The paradox is this: In order to be playful, we need to feel safe. Yet play is not safe in itself. How do we protect the safe space from the play it enables?
An Expanding Community
Knutepunkt has its own culture and traditions that have evolved over the years. It is a place where you are allowed, even expected, to be a little out of control. We have chosen to believe that you can play on the edge, since everyone knows that you are smart, tolerant and egalitarian. While often true, that belief is clearly problematic: If we want to provide marginalized groups with a feeling of safety, they need to be explicitly welcomed.
Gender equality has been an active Knutepunkt project for over a decade. The feeling has been that sensitive issues may be joked about, but if a line is crossed, that behaviour will be socially condemned. And usually it has been the behaviour that has been condemned, not the individual. There is a history of assuming the best of people, as stupid stuff sometimes gets done with good intentions.
But the community is constantly changing. We like to believe that Knutepunkt is a world apart, situated within a magic circle of its own. But it is not: We are happy to welcome new people all the time.
This year, 91 out of the 308 participants were newcomers. People came from some 22 countries. How do we explain our inside jokes to new participants, whether they are Nordic first-timers, Mediterranean larp pilgrims, or professionals of theatre and transmedia? How do we explain that we are not “really” making fun of gays, or women, or Danes, or teetotalers, or monogamists? How do we ensure each year, that all participants, new and old, feel welcome, respected, and most of all, feel safe enough to play?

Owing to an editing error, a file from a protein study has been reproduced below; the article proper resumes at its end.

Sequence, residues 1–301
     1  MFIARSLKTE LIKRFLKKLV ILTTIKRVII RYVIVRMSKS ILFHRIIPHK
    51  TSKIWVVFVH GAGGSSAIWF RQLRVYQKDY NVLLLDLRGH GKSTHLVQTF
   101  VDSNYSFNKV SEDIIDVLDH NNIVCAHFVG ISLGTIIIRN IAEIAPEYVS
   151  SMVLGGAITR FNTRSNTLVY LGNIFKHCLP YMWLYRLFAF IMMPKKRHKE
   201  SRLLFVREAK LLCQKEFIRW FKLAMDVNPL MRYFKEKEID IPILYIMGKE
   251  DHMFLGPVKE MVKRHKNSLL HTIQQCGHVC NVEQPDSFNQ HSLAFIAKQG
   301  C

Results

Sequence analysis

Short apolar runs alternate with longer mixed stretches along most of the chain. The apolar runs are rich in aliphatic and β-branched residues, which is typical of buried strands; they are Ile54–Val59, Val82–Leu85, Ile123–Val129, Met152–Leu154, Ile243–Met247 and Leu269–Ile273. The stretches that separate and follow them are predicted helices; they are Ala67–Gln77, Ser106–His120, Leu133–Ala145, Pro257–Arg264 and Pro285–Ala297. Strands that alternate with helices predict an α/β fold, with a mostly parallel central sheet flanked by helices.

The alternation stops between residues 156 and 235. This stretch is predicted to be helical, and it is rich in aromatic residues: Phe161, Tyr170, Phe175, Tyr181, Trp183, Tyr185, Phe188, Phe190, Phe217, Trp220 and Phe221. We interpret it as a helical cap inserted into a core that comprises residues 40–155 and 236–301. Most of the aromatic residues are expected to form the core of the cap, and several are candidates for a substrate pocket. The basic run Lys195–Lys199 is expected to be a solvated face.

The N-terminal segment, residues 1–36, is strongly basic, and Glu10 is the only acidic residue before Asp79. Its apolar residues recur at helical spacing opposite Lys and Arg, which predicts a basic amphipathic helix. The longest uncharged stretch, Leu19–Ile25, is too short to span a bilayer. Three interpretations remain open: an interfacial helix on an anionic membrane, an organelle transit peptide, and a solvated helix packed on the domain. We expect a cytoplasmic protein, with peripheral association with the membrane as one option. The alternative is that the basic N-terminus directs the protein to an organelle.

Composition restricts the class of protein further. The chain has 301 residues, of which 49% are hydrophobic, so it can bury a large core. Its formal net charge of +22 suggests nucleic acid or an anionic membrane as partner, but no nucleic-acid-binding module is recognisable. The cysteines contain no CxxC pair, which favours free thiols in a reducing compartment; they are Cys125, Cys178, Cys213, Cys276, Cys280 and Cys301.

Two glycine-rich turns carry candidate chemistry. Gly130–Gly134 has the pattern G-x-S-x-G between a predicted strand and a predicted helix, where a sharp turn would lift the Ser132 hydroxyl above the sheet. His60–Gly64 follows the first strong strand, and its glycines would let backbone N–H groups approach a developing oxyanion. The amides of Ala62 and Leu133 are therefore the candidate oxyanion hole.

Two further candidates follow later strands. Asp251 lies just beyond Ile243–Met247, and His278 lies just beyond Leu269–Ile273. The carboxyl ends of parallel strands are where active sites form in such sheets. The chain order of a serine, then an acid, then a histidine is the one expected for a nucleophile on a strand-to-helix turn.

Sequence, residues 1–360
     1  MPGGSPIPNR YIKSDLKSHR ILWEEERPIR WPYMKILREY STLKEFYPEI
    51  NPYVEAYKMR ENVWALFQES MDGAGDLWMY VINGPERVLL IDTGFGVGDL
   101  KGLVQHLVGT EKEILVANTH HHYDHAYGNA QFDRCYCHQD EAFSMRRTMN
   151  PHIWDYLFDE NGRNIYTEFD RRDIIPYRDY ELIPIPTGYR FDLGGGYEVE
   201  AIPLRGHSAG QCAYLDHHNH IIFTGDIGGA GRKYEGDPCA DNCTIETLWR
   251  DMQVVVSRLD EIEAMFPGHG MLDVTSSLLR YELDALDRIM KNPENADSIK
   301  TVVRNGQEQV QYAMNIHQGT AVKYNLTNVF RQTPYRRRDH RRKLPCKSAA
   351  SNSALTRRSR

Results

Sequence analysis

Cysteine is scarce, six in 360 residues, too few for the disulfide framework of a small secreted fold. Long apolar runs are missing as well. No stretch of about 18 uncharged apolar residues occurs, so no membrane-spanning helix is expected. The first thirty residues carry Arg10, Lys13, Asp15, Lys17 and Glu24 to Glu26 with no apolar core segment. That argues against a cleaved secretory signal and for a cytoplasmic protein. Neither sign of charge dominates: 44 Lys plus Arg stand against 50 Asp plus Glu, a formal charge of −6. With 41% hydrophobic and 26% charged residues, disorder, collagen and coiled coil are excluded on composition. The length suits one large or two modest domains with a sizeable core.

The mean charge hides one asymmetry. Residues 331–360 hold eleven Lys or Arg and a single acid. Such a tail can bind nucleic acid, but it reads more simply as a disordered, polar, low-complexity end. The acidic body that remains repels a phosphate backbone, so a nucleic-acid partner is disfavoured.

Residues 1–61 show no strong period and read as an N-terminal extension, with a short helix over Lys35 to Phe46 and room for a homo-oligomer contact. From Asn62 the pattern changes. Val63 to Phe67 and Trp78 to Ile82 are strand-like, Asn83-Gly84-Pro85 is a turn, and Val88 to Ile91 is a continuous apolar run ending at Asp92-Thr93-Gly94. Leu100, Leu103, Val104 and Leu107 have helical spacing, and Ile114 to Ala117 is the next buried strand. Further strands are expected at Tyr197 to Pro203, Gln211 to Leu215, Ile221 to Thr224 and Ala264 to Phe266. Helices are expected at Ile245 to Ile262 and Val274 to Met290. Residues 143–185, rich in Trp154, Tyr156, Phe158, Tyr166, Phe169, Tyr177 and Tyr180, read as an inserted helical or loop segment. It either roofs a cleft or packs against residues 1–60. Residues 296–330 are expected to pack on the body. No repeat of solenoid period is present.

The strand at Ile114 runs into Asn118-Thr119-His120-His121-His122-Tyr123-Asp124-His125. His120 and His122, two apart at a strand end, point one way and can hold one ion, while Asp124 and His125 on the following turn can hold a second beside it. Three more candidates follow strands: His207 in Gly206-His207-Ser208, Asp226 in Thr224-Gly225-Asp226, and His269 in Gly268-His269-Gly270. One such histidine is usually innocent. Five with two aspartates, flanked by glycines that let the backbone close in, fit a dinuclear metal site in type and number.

Now the event is reported in real time on the web, and many talks are filmed. A remark that was funny in its original context may seem completely unacceptable when it is disconnected and reframed. As context collapses, fear of reframing makes people less inclined to play.
For many of us it is a point of pride to defy bounds of propriety. Many of us are radical, queer and kinky. Few would be offended by nudity, free love or gender bending. Since adult play is forbidden in our culture, even to larp is to defy a taboo.
Defiance of taboos inevitably generates tension, even conflict. A convention about playful expression cannot make it a principle to guarantee protection from being offended. If we wanted to guarantee respect towards everyone’s physical boundaries, we would need to adopt the American rule of no touching. As a community, we have been unwilling to make that sacrifice.
Yet we must protect each other from harm. To what extent do we protect the freedom to transgress? To what extent do we protect safety of people – especially the safety of minorities and newcomers – from transgression and fear? Control and fear both lead to insecurity that stifles creative play.